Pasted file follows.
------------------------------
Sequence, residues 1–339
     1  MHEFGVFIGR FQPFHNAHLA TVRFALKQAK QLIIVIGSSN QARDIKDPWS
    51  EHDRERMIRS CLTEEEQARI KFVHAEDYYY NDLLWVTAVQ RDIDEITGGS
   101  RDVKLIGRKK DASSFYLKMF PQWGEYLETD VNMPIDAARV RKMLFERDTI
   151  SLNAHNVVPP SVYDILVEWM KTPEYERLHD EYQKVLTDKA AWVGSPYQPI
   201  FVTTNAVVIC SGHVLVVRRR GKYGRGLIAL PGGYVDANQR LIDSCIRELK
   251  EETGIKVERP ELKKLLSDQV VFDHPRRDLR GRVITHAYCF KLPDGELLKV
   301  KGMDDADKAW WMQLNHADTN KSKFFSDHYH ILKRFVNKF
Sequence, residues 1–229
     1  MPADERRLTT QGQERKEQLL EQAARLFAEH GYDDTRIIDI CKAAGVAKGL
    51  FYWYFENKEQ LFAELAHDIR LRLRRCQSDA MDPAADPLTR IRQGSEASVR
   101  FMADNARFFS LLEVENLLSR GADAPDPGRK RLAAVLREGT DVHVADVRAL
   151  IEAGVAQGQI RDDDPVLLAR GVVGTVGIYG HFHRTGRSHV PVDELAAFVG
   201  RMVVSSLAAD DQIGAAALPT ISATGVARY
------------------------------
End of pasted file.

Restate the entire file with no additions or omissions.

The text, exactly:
Sequence, residues 1–339
     1  MHEFGVFIGR FQPFHNAHLA TVRFALKQAK QLIIVIGSSN QARDIKDPWS
    51  EHDRERMIRS CLTEEEQARI KFVHAEDYYY NDLLWVTAVQ RDIDEITGGS
   101  RDVKLIGRKK DASSFYLKMF PQWGEYLETD VNMPIDAARV RKMLFERDTI
   151  SLNAHNVVPP SVYDILVEWM KTPEYERLHD EYQKVLTDKA AWVGSPYQPI
   201  FVTTNAVVIC SGHVLVVRRR GKYGRGLIAL PGGYVDANQR LIDSCIRELK
   251  EETGIKVERP ELKKLLSDQV VFDHPRRDLR GRVITHAYCF KLPDGELLKV
   301  KGMDDADKAW WMQLNHADTN KSKFFSDHYH ILKRFVNKF
Sequence, residues 1–229
     1  MPADERRLTT QGQERKEQLL EQAARLFAEH GYDDTRIIDI CKAAGVAKGL
    51  FYWYFENKEQ LFAELAHDIR LRLRRCQSDA MDPAADPLTR IRQGSEASVR
   101  FMADNARFFS LLEVENLLSR GADAPDPGRK RLAAVLREGT DVHVADVRAL
   151  IEAGVAQGQI RDDDPVLLAR GVVGTVGIYG HFHRTGRSHV PVDELAAFVG
   201  RMVVSSLAAD DQIGAAALPT ISATGVARY